Again, the text says Christ came “into the world to save sinners.” You may wonder why I have spent so much time, the last few weeks, preaching against Darwinian evolution. You may say, “Why does he speak about that so much?” The answer is simple. Darwinism teaches that man is only an animal, just another great ape, that evolved from lower forms. But if Darwinism is true, why did Christ have to come? If man is only another animal, why did Christ have to come down from Heaven and die on the Cross? I’ll tell you why – because man is a special creation of God. Man did not evolve from lower forms of life. “God created man in his own image” (Genesis 1:27). But man went wrong at the beginning. He sinned, and by his sin, all his descendants became sinners by nature and by practice. The Bible teaches that man was created by God, but became sinful. That is why Christ had to come and die on the Cross, and rise from the dead – to save men and women from sin!

“Christ Jesus came into the world to save sinners…”
       (I Timothy 1:15).

The Bible teaches that you are a sinner. The Apostle Paul said,

“As it is written, There is none righteous, no, not one: There is none that understandeth, there is none that seeketh after God. They are all gone out of the way, they are together become unprofitable; there is none that doeth good, no, not one”
      (Romans 3:10-12).

Since you are a sinner, you cannot please God, no matter how hard you try. Your sin must be paid for by the crucified Christ,

“Who his own self bare our sins in his own body on the tree…”
       (I Peter 2:24).

“All we like sheep have gone astray; we have turned every one to his own way; and the Lord hath laid on him the iniquity [the sin] of us all” (Isaiah 53:6).

Sing the chorus, “Jesus Paid It All”!

Jesus paid it all,
   All to Him I owe;
Sin had left a crimson stain,
   He washed it white as snow.
(“Jesus Paid It All” by Elvina M. Hall, 1820-1889).

Sing “In the Cross”!

In the cross, in the cross,
   Be my glory ever;
Till my raptured soul shall find
   Rest beyond the river.
(“Near the Cross” by Fanny J. Crosby, 1820-1915).

Few there are that say it today, but you may be one of them. You may be one of those who say, “I am too great a sinner for Jesus to save.” But look again at the text.

“This is a faithful saying, and worthy of all acceptation, that Christ Jesus came into the world to save sinners; of whom I am chief”
    
 (I Timothy 1:15).

Paul said that he was the foremost sinner, the chief sinner. He was speaking the truth. He blasphemed the Lord Jesus Christ. He persecuted and killed Christians. But Christ saved him! If Christ could save a wicked sinner like Paul, He can save you as well. If Christ could turn an evil man like Paul into one of His Apostles, He can pardon your sins and regenerate your heart, and turn you into a real Christian!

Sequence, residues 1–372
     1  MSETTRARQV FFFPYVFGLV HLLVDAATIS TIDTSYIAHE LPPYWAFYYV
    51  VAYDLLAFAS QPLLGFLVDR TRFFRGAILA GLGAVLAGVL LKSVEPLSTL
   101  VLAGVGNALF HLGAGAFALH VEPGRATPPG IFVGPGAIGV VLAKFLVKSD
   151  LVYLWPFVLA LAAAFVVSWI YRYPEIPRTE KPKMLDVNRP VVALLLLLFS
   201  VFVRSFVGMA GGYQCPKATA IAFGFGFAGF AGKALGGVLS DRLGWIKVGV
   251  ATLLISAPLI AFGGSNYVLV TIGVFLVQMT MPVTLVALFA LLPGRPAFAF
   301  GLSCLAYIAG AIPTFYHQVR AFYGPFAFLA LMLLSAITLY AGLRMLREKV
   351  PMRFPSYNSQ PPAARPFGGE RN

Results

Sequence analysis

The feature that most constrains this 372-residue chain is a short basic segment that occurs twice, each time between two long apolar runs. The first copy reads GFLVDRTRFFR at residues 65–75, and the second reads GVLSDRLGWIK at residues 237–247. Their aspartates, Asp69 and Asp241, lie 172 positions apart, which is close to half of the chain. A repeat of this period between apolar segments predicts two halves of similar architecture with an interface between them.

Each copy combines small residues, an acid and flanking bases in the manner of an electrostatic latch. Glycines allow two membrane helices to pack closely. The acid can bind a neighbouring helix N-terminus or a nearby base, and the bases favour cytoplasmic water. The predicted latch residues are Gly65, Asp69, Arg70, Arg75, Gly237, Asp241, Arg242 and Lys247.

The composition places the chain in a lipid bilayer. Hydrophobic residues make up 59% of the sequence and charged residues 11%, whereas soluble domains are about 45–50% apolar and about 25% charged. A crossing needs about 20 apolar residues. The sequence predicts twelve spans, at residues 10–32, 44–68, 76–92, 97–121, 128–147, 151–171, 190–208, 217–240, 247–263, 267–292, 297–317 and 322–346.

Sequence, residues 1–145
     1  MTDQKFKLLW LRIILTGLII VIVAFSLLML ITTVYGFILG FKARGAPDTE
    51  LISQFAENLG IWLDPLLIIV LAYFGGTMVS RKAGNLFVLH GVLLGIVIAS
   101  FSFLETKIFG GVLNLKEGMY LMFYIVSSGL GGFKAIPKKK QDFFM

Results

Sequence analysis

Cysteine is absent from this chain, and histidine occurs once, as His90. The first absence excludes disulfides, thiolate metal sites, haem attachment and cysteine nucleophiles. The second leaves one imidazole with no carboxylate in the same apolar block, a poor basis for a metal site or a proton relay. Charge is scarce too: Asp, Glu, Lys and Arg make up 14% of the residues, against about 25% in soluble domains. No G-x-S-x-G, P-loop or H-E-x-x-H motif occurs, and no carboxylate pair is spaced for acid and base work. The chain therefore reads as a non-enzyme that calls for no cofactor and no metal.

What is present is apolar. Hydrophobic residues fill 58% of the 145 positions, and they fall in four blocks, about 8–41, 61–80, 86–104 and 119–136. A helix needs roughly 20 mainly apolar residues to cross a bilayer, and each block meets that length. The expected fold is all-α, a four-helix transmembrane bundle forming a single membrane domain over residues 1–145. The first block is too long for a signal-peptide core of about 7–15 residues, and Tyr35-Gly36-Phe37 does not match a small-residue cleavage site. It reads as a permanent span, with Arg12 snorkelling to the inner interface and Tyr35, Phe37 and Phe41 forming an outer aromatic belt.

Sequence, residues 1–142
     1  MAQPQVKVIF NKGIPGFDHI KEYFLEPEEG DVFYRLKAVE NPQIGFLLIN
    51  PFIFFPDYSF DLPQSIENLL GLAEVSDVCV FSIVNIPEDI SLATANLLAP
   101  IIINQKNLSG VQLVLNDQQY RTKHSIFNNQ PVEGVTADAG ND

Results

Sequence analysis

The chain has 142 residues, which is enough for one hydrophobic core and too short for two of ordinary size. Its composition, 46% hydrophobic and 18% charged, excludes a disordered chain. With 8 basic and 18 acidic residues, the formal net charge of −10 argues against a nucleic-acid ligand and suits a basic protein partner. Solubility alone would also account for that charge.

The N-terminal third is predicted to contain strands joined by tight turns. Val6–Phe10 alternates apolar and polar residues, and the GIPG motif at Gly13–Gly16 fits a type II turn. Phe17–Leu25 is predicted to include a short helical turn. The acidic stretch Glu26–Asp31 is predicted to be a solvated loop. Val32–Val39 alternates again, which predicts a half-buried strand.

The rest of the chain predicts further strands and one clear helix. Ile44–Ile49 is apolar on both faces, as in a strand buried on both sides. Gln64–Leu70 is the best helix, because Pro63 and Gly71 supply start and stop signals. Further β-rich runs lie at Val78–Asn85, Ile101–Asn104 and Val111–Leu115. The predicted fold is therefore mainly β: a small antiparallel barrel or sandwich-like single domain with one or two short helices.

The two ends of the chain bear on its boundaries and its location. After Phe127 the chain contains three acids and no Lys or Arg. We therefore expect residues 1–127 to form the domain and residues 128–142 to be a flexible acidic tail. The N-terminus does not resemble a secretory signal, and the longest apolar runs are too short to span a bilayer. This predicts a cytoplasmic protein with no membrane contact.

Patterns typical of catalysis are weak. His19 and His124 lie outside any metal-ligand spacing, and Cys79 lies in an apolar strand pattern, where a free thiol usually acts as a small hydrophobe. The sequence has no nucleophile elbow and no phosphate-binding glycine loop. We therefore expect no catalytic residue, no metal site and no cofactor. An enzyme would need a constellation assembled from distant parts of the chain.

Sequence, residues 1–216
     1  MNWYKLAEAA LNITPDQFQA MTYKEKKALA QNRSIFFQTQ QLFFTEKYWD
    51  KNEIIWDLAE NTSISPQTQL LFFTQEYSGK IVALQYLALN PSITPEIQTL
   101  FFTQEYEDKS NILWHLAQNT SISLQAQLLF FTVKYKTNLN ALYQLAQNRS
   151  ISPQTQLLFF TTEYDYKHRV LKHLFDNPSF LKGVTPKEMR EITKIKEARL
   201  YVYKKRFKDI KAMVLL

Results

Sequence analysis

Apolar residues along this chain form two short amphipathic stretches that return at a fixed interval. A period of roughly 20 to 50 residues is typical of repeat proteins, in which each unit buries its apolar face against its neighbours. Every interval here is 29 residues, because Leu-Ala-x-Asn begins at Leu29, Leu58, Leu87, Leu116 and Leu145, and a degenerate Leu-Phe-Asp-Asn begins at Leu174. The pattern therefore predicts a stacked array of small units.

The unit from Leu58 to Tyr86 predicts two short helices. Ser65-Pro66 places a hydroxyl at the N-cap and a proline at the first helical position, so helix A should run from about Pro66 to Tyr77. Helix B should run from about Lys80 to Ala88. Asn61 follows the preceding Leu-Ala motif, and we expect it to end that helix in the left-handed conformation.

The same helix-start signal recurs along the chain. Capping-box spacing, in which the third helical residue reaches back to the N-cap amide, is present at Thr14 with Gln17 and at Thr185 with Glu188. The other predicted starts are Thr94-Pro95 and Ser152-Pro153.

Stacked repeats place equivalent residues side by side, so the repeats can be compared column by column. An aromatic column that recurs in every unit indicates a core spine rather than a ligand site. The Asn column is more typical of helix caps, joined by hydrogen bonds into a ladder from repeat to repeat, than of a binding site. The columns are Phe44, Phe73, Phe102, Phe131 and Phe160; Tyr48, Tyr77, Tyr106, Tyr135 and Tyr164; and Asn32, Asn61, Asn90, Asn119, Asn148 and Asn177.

“This is a faithful saying, and worthy of all acceptation, that Christ Jesus came into the world to save sinners; of whom I am chief”
      (I Timothy 1:15).

Jesus came to save sinners. If you feel that you are a sinner, Christ can save you. But I caution you – if you do not feel that you are a sinner, you cannot be saved by Him. For

“Christ Jesus came into the world to save sinners,”

and no one else! He only came to save sinners. So, if you protest that you are not a sinner, He will not save you. May God convict you of your sin. May God draw you to Jesus. May you be justified by His death, and cleansed from sin by His Blood! Sing hymn number 7 on your song sheet!

Just as I am, without one plea,
   But that Thy blood was shed for me,
And that Thou bidd’st me come to Thee,
   O Lamb of God, I come! I come!

Just as I am, and waiting not
   To rid my soul of one dark blot,
To Thee whose blood can cleanse each spot,
   O Lamb of God, I come! I come!

Just as I am, though tossed about
   With many a conflict, many a doubt,
Fightings and fears within, without,
   O Lamb of God, I come! I come!
(“Just As I Am” by Charlotte Elliott, 1789-1871).

(END OF SERMON)
You can read Dr. Hymers’ sermons each week on the Internet
at www.realconversion.com. Click on “Sermon Manuscripts.”

Scripture Read Before the Sermon by Dr. Kreighton L. Chan: I Timothy 1:12-16.
Solo Sung Before the Sermon by Mr. Benjamin Kincaid Griffith:
“Oh, What a Fountain!” (by Dr. John R. Rice, 1895-1980).


THE OUTLINE OF

PAUL’S FAITHFUL TESTIMONY

by Dr. R. L. Hymers, Jr.

“This is a faithful saying, and worthy of all acceptation, that Christ Jesus came into the world to save sinners; of whom I am chief” (I Timothy 1:15).

I.   First, the text is a true statement that should be accepted,
I Timothy 1:15a; II Timothy 3:15; II Peter 1:21, 16; I John 1:1;
Acts 1:3.

II.  Second, the text is a true statement about the Saviour, sin and
salvation, I Timothy 1:15b; Galatians 4:4; John 1:14;
Luke 19:10; Genesis 1:27; Romans 3:10-12; I Peter 2:24;
Isaiah 53:6.